We were swimming. 
Aren't my shoes cool?
As rehearsals and finally filming day came, I became increasingly anxious.  I felt like the stakes were really high.  And I wanted to meet the expectations being set for me.  Plus, I was in a whole new world – a fast-paced world filled with very few familiar things to latch onto for support.  I was “the talent” who had my own hair and make-up person, who could ask for anything I wanted and it would happen, who had someone drive me to and from set – all this crazy stuff.  I was wired for sound (meaning I had to remember to turn off my mic pack when I went to the bathroom), I had to remember not to put my hair behind my shoulders because it would throw off consistency between shots, and I had to pretend that the sweat dripping down my back and soaking into my jeans wasn’t feeling like an extra ten pounds of water weight.  It was crazy.  And exciting.  And hard.  But I did the very best I possibly could – pushing to give everything I had to offer and to be successful at something I found intimidating. 

I still have no idea if I lived up to the expectations of the creators, producers, and director.  I hope so.  I certainly learned a lot.  And I think that if I ever had the opportunity to do something like it again I would be able to approach it with less anxiety, more grace, and a faster learning curve.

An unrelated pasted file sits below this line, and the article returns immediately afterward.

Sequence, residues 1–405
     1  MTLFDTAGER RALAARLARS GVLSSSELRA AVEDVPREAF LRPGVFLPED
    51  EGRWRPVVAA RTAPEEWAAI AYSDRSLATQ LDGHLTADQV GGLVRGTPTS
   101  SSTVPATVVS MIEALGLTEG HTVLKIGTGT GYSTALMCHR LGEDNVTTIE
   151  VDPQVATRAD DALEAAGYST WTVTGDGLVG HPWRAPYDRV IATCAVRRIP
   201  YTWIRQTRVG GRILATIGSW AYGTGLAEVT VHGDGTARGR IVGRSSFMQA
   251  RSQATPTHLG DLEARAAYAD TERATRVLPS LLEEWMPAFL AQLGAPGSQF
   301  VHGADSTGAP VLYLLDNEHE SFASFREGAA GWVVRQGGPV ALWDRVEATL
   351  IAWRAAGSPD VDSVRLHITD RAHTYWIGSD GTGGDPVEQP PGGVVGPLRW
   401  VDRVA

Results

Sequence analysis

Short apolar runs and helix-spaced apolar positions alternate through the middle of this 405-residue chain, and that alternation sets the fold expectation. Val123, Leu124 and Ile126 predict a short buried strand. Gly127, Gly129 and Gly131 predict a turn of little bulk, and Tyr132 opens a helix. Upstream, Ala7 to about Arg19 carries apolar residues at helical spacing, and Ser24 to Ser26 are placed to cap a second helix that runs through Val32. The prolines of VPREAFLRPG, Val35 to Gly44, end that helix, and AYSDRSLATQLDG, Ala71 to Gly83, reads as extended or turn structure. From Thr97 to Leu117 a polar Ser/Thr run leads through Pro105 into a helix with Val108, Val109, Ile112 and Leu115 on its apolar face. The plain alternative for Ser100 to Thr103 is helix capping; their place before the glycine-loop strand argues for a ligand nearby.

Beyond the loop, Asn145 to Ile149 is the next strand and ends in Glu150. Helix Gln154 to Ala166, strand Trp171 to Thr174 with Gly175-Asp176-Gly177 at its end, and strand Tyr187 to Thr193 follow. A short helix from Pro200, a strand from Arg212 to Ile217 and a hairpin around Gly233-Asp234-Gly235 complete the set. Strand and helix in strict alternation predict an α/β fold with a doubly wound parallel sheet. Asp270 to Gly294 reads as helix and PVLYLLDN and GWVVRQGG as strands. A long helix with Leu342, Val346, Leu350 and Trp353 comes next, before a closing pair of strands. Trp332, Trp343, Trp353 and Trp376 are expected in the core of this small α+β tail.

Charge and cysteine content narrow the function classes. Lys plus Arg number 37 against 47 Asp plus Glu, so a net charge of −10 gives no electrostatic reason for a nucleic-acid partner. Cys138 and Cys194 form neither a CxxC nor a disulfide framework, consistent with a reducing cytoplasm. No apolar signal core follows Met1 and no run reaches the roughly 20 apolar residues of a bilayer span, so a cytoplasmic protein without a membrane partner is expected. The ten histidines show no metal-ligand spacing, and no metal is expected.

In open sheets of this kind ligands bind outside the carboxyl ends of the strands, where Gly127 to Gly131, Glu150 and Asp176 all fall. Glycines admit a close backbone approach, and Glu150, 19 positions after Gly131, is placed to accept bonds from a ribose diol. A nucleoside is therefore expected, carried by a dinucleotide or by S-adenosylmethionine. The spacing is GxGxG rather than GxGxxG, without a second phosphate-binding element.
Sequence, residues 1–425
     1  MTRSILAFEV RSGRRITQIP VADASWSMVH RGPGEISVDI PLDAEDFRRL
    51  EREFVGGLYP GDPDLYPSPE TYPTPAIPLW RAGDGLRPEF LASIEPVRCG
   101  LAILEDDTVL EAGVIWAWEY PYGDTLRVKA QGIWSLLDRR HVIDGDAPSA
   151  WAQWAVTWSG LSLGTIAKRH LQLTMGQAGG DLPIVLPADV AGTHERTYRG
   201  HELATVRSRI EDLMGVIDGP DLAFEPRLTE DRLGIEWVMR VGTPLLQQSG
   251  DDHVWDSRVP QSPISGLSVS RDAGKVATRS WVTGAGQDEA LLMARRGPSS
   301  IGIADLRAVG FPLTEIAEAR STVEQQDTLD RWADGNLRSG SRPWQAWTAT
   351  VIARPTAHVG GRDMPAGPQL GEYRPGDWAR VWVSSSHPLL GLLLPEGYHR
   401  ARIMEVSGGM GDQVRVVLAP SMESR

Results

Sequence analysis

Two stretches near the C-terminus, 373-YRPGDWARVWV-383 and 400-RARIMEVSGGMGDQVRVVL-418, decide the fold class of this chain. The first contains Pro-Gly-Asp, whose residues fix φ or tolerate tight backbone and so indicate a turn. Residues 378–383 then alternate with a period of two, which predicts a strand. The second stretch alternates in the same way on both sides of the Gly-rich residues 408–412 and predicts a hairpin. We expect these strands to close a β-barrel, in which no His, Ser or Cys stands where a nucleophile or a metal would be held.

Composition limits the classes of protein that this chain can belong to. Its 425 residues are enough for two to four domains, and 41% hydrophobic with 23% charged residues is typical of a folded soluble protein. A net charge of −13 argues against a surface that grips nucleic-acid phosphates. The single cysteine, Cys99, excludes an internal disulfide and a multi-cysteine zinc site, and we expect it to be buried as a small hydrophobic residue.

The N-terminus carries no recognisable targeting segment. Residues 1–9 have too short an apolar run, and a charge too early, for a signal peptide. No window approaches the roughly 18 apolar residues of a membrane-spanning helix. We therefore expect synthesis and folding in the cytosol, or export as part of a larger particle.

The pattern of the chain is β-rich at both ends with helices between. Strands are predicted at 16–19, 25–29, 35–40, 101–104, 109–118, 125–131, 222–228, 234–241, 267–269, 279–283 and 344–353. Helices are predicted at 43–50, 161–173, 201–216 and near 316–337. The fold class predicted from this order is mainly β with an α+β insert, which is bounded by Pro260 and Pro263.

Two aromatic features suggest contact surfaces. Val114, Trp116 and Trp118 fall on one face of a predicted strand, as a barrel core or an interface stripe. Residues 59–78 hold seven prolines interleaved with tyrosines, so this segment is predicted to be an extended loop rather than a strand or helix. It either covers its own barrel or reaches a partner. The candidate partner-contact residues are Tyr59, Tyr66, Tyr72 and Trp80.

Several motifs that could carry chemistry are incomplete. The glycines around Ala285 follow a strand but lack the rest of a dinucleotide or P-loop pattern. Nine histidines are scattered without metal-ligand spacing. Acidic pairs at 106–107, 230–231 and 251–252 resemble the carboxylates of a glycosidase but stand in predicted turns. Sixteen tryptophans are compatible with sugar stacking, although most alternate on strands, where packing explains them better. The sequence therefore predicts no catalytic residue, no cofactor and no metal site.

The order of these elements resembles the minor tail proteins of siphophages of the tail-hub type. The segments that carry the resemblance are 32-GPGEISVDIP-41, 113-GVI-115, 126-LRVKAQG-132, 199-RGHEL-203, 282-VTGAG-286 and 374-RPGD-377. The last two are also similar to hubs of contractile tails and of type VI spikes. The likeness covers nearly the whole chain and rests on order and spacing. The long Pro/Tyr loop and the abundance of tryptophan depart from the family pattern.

In the meantime, this was an opportunity to try on a different kind of life for a brief time.  And an opportunity to really see and appreciate the immense talent, patience, and hard work that is part of working in the film industry day in and day out.  They are amazing.  And awe-inspiring.  And for a short time I was able to witness their intense drive, determination, and passion.  How lucky am I?!

Once the video was edited and put into circulation for the world to accept or throw off as it saw fit, I think I only watched the whole thing through once from beginning to end.  (It’s hard to watch yourself on film.)  But, I’ve had the opportunity to talk to a few families here and there who own the video and hear the ways it has been a valuable resource for their families.  A few years ago I was in Michigan visiting a dear friend of mine.  He had given the video as a gift to his niece and nephew the Christmas before, and when I got there the kids kind of hung back a bit.  Eventually the older, who was maybe four at the time, said, “Are you Kelly?  From my video?  Do you really know Gus?”  I said yes and we spent the rest of the weekend playing and singing and laughing together.  I was honored and truly humbled that this small project I had participated in meant something special and valuable to these young children and their family.  Seriously, how cool is that?!

Note:  The photos in this post were taken by the talented (and busy) Debra A. Schneider who was one of the producers for Me and Gus.